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NYPD on the Real 'Enemies Within': Going Undercover With Jihadis

NYPD on the Real 'Enemies Within': Going Undercover With Jihadis

The man did not imagine the turn his life was about to take when he reported in his NYPD application that he was fluent in Arabic.

“I had no idea what’s in store for me,” he says.

He had wanted to be a cop since he was a youngster. His great hope was to become a member of the elite Emergency Service Unit (ESU).

“The whole lights and sirens, busting in doors,” he says. “All the stuff on TV.”

But before he entered the academy, he was quietly approached by a member of the NYPD intelligence division who inquired if he would be interested in going undercover.

“At first, to be honest, I told them no,” he recalls. “I wanted to be out there, be on the street.”

He agreed to think about it for a couple of days. He decided to set aside his action fantasies and risk the unknown.

“Let me give it a shot,” he recalls telling himself.

He was warned that he would not be able to tell anyone of his new secret life. He was instructed to inform anybody who knew he had applied to the NYPD that he had changed his mind.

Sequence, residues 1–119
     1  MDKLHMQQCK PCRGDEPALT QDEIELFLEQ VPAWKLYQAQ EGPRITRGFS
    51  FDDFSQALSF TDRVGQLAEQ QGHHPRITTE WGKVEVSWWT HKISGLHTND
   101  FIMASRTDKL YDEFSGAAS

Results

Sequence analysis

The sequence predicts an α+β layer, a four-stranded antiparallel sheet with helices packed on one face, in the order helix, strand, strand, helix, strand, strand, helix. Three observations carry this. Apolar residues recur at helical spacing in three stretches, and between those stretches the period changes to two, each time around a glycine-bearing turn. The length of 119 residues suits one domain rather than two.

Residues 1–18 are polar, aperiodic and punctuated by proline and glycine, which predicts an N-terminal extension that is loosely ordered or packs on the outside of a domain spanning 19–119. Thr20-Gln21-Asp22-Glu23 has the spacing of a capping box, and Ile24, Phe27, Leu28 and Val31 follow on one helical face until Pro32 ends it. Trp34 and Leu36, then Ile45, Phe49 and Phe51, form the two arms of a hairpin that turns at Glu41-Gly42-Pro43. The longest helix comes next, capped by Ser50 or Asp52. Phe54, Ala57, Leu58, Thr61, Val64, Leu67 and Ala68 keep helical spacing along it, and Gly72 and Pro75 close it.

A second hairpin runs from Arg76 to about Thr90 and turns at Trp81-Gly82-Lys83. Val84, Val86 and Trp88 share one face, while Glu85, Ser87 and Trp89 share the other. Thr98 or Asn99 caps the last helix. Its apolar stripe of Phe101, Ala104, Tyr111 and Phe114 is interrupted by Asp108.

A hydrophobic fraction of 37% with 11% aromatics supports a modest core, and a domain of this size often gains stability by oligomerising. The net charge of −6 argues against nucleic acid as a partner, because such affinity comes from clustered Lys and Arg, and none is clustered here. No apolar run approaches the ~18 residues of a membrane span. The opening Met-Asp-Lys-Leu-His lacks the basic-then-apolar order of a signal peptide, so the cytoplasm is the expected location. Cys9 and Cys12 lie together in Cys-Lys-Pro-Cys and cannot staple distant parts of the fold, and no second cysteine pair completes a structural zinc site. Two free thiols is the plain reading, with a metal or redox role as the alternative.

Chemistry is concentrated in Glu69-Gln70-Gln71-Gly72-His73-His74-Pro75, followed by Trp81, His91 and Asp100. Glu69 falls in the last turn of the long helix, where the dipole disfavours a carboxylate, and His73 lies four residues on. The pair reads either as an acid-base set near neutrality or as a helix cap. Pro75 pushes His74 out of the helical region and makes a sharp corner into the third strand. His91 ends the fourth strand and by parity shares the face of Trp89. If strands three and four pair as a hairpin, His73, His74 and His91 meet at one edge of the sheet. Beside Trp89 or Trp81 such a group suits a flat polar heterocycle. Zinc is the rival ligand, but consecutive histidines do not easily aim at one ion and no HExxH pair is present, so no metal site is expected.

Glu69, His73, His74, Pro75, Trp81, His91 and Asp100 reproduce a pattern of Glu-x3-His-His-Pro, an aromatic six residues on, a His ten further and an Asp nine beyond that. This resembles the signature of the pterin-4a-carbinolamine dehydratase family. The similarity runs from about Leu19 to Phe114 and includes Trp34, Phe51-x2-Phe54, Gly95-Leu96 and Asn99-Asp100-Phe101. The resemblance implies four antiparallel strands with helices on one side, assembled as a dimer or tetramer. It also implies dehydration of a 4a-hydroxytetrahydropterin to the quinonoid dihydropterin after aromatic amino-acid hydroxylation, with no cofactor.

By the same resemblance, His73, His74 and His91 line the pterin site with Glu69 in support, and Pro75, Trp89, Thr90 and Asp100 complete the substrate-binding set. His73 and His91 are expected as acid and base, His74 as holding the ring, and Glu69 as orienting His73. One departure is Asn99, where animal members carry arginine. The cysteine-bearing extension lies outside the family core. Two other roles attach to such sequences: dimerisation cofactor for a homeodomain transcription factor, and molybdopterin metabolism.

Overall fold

“Lying to your friends and family,” he says.

He steadied himself with a thought that would guide him through all that was to come:

“I’m doing something important.”

He was assigned a handler who would be his primary contact with the NYPD. He was secretly sworn in as a cop but not given a shield. He began six months of specialized training.

“Surveillance, countersurveillance, memorization,” he says. “Situational awareness.”

The overall effect was a little like going to the gym with his brain. He did not notice any manifest change at first, but by the end of it he found himself with new powers of observation and retention.

“They really fine-tuned skills I never thought I had,” he says.

He was then ready to join part of a larger intelligence and counterterrorism effort that Commissioner Raymond Kelly had initiated in the aftermath of 9/11. The NYPD had learned that it could not count on the federal government to protect the city of New York.

That long and unnerving lesson had begun after the assassination of Rabbi Meir Kahane of the Jewish Defense League in the ballroom of a Manhattan hotel in 1990. City detectives afterward seized two file cabinets from the Brooklyn apartment of a prime suspect. The detectives transported the evidence to their squad room and stepped out for dinner. They returned to discover that the FBI had taken the cabinets before they could study what was inside. The contents included drawings of the World Trade Center and a paper bearing the words “al Qaeda.”

But the FBI did not get around to translating the stuff in the files until after the first bombing of the World Trade Center in 1993, during Kelly’s first tenure as police commissioner. The bombers included at least one of the conspirators in the Kahane killing and several other militants long known to the FBI. An informant had alerted the FBI that these individuals were in the midst of a major bomb plot. There is some speculation that the bombing was carried out with a timing device supplied by the informant. There is no disputing that an FBI supervisor ordered the agents to break off contact with the informant shortly before the bomb was readied.

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